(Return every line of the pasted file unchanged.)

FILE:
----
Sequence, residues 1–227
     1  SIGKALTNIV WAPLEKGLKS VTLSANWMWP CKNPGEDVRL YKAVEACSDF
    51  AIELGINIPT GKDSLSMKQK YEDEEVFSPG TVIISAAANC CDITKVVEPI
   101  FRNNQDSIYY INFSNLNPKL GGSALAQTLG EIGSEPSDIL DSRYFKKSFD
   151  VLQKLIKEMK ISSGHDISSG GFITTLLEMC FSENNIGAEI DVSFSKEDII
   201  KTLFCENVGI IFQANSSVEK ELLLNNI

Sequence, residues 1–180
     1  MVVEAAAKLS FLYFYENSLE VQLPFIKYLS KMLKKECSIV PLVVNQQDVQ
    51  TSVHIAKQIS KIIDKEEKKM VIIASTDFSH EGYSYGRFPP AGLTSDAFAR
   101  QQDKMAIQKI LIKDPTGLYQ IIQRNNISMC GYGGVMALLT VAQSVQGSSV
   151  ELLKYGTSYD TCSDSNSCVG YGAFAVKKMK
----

Sequence, residues 1–227
     1  SIGKALTNIV WAPLEKGLKS VTLSANWMWP CKNPGEDVRL YKAVEACSDF
    51  AIELGINIPT GKDSLSMKQK YEDEEVFSPG TVIISAAANC CDITKVVEPI
   101  FRNNQDSIYY INFSNLNPKL GGSALAQTLG EIGSEPSDIL DSRYFKKSFD
   151  VLQKLIKEMK ISSGHDISSG GFITTLLEMC FSENNIGAEI DVSFSKEDII
   201  KTLFCENVGI IFQANSSVEK ELLLNNI

Sequence, residues 1–180
     1  MVVEAAAKLS FLYFYENSLE VQLPFIKYLS KMLKKECSIV PLVVNQQDVQ
    51  TSVHIAKQIS KIIDKEEKKM VIIASTDFSH EGYSYGRFPP AGLTSDAFAR
   101  QQDKMAIQKI LIKDPTGLYQ IIQRNNISMC GYGGVMALLT VAQSVQGSSV
   151  ELLKYGTSYD TCSDSNSCVG YGAFAVKKMK